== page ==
One of the most peculiar friendships in modern politics was between the late Supreme Court justices Antonin Scalia and Ruth Bader Ginsburg, who, though on opposite sides of the ideological spectrum, shared a deep love of opera.
So it's perhaps not so peculiar that their friendship should become the subject of ... an opera.
Opera in the Rock opens its 2021-22 season with Derrick Wang's one-act contemporary opera "Scalia/Ginsburg," in partnership with the Clinton Foundation, with a 7:30 p.m. performance tonight. Tenor Matthew Tatus and soprano Shannon Rookey sing the title roles. Lyric bass Michael Colman sings the role of the Commentator.
Director Ella Marchment, traveling to Arkansas from the United Kingdom, says the opera plays out on a thrust stage, with the orchestra -- seven musicians from the Arkansas Symphony Orchestra -- behind. Geoffrey Robson conducts, and Marchment praises his flexibility and knowledge, and "Geoff makes the singers feel safe and comfortable," she adds.
Marchment says this is her first crack at this opera, and admits it's certainly unusual to have a British director handle such American fare, but, she says, "I've always been fascinated by the American political scene" and has been examining "how opera can be politicized." (She has been working on a piece titled "Black Water," about the 1969 Chappaquiddick scandal in which Mary Jo Kopechne died in a car the late U.S. Sen. Ted Kennedy drove off a bridge.)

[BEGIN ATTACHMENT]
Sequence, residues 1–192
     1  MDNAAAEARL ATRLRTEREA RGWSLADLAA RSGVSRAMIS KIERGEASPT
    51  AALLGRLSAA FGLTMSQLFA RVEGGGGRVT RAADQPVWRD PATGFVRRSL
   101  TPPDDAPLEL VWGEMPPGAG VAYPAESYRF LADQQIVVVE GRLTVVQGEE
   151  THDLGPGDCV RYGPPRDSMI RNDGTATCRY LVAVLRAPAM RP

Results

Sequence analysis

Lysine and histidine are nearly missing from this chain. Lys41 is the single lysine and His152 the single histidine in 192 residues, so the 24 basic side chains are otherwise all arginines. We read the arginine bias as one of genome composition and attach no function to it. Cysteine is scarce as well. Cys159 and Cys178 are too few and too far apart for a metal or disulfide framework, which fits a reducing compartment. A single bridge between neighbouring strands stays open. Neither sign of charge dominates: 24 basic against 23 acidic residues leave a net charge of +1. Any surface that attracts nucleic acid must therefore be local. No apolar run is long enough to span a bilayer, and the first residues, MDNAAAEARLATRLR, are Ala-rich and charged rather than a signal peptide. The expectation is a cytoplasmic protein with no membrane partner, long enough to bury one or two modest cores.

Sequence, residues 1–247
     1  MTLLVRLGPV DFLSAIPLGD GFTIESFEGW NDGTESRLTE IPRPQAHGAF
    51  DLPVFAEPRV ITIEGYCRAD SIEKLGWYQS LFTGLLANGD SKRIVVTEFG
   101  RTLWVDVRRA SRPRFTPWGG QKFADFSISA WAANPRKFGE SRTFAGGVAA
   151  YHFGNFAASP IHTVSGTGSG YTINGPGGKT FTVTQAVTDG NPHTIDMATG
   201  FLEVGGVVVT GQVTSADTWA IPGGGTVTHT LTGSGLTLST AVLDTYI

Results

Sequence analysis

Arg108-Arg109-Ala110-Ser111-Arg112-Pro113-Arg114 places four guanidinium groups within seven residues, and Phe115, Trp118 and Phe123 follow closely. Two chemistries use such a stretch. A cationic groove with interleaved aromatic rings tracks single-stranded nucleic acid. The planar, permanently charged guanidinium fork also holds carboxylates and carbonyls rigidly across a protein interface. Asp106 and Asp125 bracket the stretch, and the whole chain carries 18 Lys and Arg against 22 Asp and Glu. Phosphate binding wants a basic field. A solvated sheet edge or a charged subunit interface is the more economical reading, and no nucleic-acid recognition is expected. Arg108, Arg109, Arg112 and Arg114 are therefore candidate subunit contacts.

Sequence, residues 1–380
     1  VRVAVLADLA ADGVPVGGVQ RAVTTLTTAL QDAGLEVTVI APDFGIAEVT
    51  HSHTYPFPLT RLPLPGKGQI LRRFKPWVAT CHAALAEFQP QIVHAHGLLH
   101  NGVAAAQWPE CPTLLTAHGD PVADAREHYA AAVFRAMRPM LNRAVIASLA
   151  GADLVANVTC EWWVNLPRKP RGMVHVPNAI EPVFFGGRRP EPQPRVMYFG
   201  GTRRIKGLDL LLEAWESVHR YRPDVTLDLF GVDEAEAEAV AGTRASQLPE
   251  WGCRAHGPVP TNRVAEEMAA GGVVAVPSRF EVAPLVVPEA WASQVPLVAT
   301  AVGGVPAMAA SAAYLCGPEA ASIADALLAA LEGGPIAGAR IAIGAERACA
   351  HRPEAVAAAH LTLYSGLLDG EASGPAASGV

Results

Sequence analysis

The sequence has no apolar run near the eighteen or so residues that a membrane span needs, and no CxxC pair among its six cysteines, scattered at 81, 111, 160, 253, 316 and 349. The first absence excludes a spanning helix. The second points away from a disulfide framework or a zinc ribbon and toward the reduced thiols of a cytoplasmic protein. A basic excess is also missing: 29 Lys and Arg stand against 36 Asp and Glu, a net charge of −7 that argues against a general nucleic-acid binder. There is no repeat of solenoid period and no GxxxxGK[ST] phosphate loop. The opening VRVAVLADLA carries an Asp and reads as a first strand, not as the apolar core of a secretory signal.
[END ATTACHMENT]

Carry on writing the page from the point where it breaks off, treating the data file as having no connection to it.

Ginsburg's recent death and the questions it raised in allowing former President Donald Trump and then-Senate Majority Leader Mitch McConnell to quickly put a conservative successor into her seat have created a difficulty in how to stage the conclusion of the opera, Marchment explains.
"The end is quite difficult in hindsight because it reflects Ginsburg's decision to stay on the court," she says. So Marchment consulted the composer about possibly altering it; he said no. As a result, she notes, the production subtly acknowledges Ginsberg's passing, but is otherwise unchanged.
"Scalia/Ginsburg" reflects its characters' appetite for opera -- they actually appeared, in cameo parts, onstage in operas, Marchment notes -- with musical references to actual operas. The two title roles project as characters who, she adds, "are larger than life, playing on operatic tropes."
This is Marchment's first in-person production since the start of the pandemic; she recently put together a production in Chicago, where she is the artistic director of the Opera Festival of Chicago, online from Switzerland.
She's also on the faculty at Shenandoah Conservatory at Shenandoah University in Winchester, Va., and is "acclaimed as one of Europe's most original and progressive stage directors," according to a news release from Opera in the Rock. She'll be back in the spring to direct their production of Gaetano Donizetti's "Anna Bolena."
WHEN — 7:30 p.m. today; 2:30 and 7:30 p.m. Saturday (masks required for the evening performance); 2:30 p.m. Sunday
WHERE — Great Hall, Clinton Presidential Center, 1200 President Clinton Ave., Little Rock.
COST — Opening night, $125, includes the performance, a panel discussion with director Ella Marchment, dessert reception, beer-and-wine bar and souvenir show poster; limited number of seats available at $56.65. All other performances, $40.
INFO — oitr.org/events